Topic Areas: Business Marketing and Planning, Crops, Organic Crops, Farm Energy, Food Equity, Local Foods, Pest Management, Soil Health
Specific Areas of Expertise: Growing in cold climates (zone 4 and below), regenerative soil practices, market gardening, local food networking, urban agriculture, greenhouse construction, building resilient communities, cover crops for zone 4, farm education, GAP ( good agriculture practices), small-scale solutions for beginning farmers, walk-behind tractors and small-scale equipment, youth education
John Wallace studied agricultural economics at Colorado State University, where he focused on using environmental resources responsibly and sustainably. He worked and lived on a small farm in Steamboat Springs, Colorado, growing organic fruit and vegetables before making his way to Montana. John currently manages the Small-scale Intensive Farm Training (SIFT) demonstration farm at the National Center for Appropriate Technology’s headquarters in Butte. He is passionate about connecting the community to locally grown food and developing low-cost-input solutions for small-scale, highly diversified farmers. According to John, “The unique challenges of growing food in Butte’s climate, coupled with the community’s need for fresh, healthy foods, make the job especially rewarding.”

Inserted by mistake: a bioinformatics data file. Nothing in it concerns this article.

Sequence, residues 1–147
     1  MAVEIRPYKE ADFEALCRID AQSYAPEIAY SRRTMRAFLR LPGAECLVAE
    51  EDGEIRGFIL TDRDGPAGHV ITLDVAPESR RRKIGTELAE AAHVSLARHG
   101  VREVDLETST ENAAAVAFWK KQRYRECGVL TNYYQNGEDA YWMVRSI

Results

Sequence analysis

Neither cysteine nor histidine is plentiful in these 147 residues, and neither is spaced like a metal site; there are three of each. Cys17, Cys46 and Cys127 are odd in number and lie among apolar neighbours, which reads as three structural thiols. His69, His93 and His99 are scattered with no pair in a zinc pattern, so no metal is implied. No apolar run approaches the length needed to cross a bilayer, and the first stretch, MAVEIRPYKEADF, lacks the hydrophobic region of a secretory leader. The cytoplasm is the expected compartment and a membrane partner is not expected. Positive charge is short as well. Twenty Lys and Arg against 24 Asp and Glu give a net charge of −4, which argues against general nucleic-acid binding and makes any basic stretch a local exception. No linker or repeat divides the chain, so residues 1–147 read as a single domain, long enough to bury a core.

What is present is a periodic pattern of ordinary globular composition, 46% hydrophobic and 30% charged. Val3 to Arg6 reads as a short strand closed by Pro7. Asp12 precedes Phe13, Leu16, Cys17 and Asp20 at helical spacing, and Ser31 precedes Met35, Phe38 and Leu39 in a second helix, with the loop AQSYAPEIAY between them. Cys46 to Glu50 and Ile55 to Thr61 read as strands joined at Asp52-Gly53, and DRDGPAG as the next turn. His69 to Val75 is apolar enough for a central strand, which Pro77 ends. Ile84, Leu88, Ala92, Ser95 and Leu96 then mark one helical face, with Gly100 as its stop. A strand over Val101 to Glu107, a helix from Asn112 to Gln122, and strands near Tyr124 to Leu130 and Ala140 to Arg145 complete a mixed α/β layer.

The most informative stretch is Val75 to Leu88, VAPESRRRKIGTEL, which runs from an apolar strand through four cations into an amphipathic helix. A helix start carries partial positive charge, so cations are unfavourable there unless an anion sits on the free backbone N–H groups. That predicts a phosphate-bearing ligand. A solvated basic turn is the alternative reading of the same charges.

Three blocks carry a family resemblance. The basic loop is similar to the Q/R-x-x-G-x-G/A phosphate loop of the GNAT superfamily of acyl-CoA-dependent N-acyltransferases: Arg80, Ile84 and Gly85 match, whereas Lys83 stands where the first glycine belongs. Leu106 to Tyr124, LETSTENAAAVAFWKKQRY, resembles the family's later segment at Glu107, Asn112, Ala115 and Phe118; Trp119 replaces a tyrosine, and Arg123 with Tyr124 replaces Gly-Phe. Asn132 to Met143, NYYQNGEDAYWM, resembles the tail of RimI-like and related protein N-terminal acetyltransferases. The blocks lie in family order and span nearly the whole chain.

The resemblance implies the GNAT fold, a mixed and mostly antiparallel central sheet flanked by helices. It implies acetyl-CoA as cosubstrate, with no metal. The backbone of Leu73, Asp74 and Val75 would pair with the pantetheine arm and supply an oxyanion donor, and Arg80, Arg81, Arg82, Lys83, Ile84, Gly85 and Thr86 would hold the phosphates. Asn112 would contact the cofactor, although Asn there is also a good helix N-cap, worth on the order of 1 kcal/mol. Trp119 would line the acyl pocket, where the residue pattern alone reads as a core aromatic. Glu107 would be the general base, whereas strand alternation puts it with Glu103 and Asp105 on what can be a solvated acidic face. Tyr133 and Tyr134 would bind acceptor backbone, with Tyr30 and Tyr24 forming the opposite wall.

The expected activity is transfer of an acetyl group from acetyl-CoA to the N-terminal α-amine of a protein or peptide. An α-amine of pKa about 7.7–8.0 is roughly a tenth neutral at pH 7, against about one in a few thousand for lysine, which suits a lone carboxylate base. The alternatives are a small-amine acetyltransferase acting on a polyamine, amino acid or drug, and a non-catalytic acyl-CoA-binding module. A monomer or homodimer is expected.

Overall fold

Bachelor of Science in Agricultural Economics with a concentration in Natural Resource
Economics, Colorado State University
Seed Certification Professional, 2019-2011
Colorado State University, Fort Collins, CO
Worked to guarantee the certification of wheat sold for seed. Small engine repairs and combine mechanic.
Farm Hand, 2011-2014
Hilton Gulch Herbs, Steamboat Springs, CO
Managed sheep operations. Handled vegetable and herb production.
Farm Manager, 2015
NCAT’s SIFT Farm, Butte, MT
Developed educational material on sustainable farming methods. Demonstrated farming practices developed for growing in high mountain desert regions . Marketed locally grown vegetables.
Featured Publications and Presentations:
SIFT 2020: A Small-Scale Urban Intensive Farm and a Year of Local Food